Cat StickerZ is a Facebook game from Ooblada. It has been available since the summer of last year but is still maintaining relatively stable user figures, and is also joined by similar games from the same stable known as Dog StickerZ and Social PeopleZ. Cat StickerZ is, at the time of writing, being promoted in the Facebook App Center, claiming itself to be a “new” game.
Cat StickerZ is, as the name implies, a game about collecting stickers with pictures of cats on them. The stickers are split into various different collections, so the player must navigate the game’s somewhat clunky interface manually to find the appropriate collection, then stick the sticker in by simply clicking on it from their “hand” at the bottom of the screen. In doing so, they earn “Meow Points,” which allow them to level up and earn rewards such as additional stickers and avatars. Hard-to-find stickers may be requested from friends, and a big part of the game — just like real-life sticker-collecting — is in trading duplicates for stickers you don’t already have.
Besides collecting stickers, there is also a “play” component to the game, where it is possible to interact with an on-screen cartoon cat. Feeding the cat provides Meow Points and increases a meter leading to weekly rewards. Food restocks over time or may be topped up by paying. Players can also invite their friends to brush their cat and win Meow Points, or view the conditions for unlocking the various “Kittem” (sic) items, which are essentially achievements. The quest for the “Kittems” encourages players to play socially, with many only available if the player invites friends and sends them gifts or Meow Points. A component called “The Queen’s Quest” also encourages players to post on their Timeline about the game and rewards them if they get a certain number of people to click on the link. None of the “play” features involve any animation or visible rewards; they are simply buttons to click on that reward the player with points.
That’s essentially all there is to Cat StickerZ — there is little in the way of meaningful social interaction with friends, unlike real-life sticker-collecting, which requires the “swappers” to meet up with (or at least contact) one another and agree a trade. The game does provide automatically-generated “copy and paste” codes that players can provide to friends as they see fit, but actual interaction with other players in the game is very limited, restricting itself largely to the usual requests for help and “please click here” Timeline posts. In an additional attempt to engage the community, however, the game does occasionally run photo competitions, with winning photographs turned into new sticker collections for players to collect.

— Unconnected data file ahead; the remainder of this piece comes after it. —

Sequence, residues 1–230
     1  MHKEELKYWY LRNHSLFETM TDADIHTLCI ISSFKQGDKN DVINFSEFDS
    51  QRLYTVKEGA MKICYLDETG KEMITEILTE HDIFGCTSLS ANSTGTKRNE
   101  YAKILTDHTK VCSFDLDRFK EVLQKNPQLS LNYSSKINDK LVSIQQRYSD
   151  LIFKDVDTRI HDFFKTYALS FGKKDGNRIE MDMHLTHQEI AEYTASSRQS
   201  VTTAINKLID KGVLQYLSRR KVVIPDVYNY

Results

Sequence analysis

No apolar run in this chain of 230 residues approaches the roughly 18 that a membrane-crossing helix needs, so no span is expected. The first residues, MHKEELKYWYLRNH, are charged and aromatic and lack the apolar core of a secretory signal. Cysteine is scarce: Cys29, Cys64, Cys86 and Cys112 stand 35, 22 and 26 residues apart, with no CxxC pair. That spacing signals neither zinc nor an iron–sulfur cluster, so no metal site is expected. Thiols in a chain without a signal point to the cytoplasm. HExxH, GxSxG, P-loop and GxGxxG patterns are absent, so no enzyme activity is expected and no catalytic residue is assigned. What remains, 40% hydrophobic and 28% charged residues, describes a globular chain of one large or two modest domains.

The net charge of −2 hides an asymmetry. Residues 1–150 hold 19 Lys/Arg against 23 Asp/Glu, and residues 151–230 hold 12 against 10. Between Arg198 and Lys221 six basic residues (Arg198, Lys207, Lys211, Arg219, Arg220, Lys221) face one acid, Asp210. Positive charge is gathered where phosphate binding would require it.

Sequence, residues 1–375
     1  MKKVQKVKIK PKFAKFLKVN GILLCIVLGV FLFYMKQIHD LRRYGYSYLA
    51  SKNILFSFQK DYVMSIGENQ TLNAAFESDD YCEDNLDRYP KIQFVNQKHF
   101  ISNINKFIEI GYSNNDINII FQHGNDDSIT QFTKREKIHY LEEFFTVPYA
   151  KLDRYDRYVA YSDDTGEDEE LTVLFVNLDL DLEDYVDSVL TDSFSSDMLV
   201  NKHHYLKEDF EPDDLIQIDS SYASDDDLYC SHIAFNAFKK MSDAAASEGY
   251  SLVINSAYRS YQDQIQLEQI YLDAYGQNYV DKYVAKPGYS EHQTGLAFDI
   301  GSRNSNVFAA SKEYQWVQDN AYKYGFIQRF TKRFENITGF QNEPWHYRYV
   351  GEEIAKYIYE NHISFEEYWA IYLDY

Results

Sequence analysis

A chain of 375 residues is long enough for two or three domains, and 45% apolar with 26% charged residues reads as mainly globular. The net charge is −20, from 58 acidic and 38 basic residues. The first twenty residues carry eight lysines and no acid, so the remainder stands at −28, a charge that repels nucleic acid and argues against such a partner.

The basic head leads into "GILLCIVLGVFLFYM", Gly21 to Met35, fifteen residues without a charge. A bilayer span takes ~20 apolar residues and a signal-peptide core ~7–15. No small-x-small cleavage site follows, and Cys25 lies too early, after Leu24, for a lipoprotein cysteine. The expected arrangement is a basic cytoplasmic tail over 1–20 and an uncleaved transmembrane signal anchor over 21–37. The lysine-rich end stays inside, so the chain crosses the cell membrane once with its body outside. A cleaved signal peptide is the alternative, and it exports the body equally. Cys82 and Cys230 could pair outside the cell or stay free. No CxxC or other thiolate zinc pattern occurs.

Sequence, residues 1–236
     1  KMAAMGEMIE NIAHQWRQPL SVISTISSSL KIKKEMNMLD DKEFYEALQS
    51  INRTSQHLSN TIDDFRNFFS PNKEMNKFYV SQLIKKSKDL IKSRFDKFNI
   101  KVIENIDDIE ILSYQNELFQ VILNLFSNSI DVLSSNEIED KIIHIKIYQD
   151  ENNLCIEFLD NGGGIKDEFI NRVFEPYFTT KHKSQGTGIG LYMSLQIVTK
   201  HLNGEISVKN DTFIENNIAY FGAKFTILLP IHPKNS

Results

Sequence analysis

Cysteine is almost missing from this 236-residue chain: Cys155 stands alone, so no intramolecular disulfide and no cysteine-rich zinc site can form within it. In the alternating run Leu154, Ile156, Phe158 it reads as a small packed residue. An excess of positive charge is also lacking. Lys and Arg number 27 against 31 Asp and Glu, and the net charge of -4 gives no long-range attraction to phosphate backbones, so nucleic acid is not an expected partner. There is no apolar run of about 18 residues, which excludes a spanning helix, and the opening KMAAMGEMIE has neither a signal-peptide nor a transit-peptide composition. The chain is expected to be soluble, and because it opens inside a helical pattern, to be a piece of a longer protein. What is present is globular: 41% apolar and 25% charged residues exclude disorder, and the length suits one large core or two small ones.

The game is, at least, presented quite well visually — the photographs used for the stickers are high quality cat pictures, though any savvy Internet user will know that the Web is already overloaded with high-quality cat pictures that don’t require you to jump through any hoops to acquire them. There is no sound, however, leaving the game feeling like it is unfinished, and the interface can’t seem to make its mind up how large it wants to be. Some pages are so tall they require scrolling; others fit nicely inside the browser window.
The game monetizes primarily through selling blind packs of stickers. At anywhere between $2.80 and $5 a pop for packs of no more than 12 stickers (with the more expensive packs offering fewer but rarer stickers), it could get to be an expensive habit for some, though free stickers may be acquired by watching ads. There is also the option to subscribe to the “Cat Club” for 2 Euros a month from within the game, which removes ads, provides twice as much cat food and allows players to ask friends to brush their cat twice as often, effectively doubling the rate of “Meow Points” gain.
Ultimately, Cat StickerZ is not a good game. It’s barely a “game” at all in the traditional sense. It feels less like an attempt to entertain the audience and more like an engine designed to convince people that paying up money for randomly-selected pictures of cats is a good idea, when much the same experience can be had for free by typing “cat” in to Google Image Search. There is seemingly very little point to the game and very little incentive to play regularly — at least with a real-life sticker album, it’s possible to show it off to friends, but here, it’s a largely solitary experience with little in the way of meaningful interaction. The monetization feels excessive, the “play” features feel tacked on, unnecessary and underdeveloped and the whole experience simply leaves something of a bad taste in the mouth, making this one to skip.
Cat StickerZ currently has 110,000 monthly active users, 60,000 weekly active users and 30,000 daily active users. Follow its progress with AppData, our tracking service for social games and developers.
Stick to the physical trading cards; this is a cat-astrophe of a game.